ac·knowl·edge (k-nlj) KEY
ac·knowl·edged, ac·knowl·edg·ing, ac·knowl·edg·es
Probably blend of Middle English knowlechen, to acknowledge (from knouen, to know; see know), and Middle English aknouen, to recognize (from Old English oncnwan, to know : on-, on; see on + cnwan, to know; see know)
acknowledge, admit, own, avow, confess, concede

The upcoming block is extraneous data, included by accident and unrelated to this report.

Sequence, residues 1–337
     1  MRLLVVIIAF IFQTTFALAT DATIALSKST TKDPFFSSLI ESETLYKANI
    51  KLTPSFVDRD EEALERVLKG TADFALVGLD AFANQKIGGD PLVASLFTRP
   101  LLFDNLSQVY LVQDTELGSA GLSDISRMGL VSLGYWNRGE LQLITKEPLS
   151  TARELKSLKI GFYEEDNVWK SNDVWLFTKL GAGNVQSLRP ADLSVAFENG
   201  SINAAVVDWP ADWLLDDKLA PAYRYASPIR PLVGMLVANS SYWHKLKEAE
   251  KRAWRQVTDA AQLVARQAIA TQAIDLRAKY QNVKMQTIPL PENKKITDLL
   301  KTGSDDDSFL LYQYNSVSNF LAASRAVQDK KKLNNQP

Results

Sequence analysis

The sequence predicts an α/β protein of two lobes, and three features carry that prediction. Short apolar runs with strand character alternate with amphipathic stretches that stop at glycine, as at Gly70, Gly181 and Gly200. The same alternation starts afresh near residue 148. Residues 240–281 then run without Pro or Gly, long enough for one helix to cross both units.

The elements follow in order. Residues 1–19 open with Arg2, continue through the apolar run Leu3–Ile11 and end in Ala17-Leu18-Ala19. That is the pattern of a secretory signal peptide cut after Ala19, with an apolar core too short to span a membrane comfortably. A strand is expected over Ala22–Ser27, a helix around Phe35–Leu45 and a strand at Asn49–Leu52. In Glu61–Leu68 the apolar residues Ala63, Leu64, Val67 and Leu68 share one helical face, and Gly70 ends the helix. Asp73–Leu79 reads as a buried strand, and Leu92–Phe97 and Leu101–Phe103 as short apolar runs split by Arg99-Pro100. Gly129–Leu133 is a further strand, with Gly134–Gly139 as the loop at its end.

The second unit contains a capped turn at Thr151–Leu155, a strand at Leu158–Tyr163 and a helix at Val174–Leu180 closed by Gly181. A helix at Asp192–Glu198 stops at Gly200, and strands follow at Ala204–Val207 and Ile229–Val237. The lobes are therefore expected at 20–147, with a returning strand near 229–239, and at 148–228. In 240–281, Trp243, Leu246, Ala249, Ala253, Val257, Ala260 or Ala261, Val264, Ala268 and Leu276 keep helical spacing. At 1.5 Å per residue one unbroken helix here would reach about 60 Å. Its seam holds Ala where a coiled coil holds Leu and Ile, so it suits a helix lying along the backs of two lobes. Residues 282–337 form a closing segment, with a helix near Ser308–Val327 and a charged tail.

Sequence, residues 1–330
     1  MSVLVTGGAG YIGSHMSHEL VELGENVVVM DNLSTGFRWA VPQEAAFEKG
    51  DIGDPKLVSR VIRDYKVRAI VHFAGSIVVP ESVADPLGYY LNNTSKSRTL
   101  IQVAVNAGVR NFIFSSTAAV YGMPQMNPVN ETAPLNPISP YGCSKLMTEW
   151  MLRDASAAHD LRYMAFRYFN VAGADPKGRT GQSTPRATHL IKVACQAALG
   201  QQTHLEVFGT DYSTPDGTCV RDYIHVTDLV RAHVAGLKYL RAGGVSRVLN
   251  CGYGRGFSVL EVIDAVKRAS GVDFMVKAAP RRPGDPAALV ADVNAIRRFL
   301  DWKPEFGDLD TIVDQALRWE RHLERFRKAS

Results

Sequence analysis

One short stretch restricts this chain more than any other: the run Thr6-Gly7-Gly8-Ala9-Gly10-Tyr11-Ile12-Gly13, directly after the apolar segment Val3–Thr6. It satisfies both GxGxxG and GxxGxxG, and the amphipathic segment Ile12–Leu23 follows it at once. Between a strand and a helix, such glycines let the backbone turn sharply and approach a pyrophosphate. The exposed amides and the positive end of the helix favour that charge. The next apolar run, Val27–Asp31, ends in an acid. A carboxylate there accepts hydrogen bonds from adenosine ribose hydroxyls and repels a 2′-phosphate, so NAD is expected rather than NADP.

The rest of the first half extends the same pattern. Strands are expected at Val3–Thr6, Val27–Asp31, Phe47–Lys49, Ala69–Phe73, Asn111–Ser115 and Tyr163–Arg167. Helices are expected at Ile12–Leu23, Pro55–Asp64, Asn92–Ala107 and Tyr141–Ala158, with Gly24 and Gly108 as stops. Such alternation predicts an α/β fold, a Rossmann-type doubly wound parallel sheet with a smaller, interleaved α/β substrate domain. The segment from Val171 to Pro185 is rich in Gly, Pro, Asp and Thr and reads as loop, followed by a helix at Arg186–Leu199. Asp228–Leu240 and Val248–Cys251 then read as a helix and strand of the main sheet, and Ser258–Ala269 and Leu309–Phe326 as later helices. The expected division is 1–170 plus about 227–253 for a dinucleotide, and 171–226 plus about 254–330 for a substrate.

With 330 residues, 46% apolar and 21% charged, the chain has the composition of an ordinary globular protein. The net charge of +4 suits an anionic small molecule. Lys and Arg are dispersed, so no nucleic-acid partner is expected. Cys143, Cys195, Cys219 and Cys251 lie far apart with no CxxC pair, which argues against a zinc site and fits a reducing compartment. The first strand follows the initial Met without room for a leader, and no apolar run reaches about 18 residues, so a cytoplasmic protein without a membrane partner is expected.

These verbs mean to admit the reality or truth of something, often reluctantly. To acknowledge is to accept responsibility for something one makes known: He acknowledged his mistake. Admit implies reluctance in acknowledging one's acts or another point of view: "She was attracted by the frankness of a suitor who . . . admitted that he did not believe in marriage" (Edith Wharton). Own stresses personal acceptance and responsibility: She owned that she feared for the child's safety. Avow means to assert openly and boldly: "Old Mrs. Webb avowed that he, in the space of two hours, had worn out her pew more . . . than she had by sitting in it forty years" (Kate Douglas Wiggin). Confess usually emphasizes disclosure of something damaging or inconvenient to oneself: I have to confess that I lied to you. To concede is to intellectually accept something, often against one's will: The lawyer refused to concede that the two cases had similarities.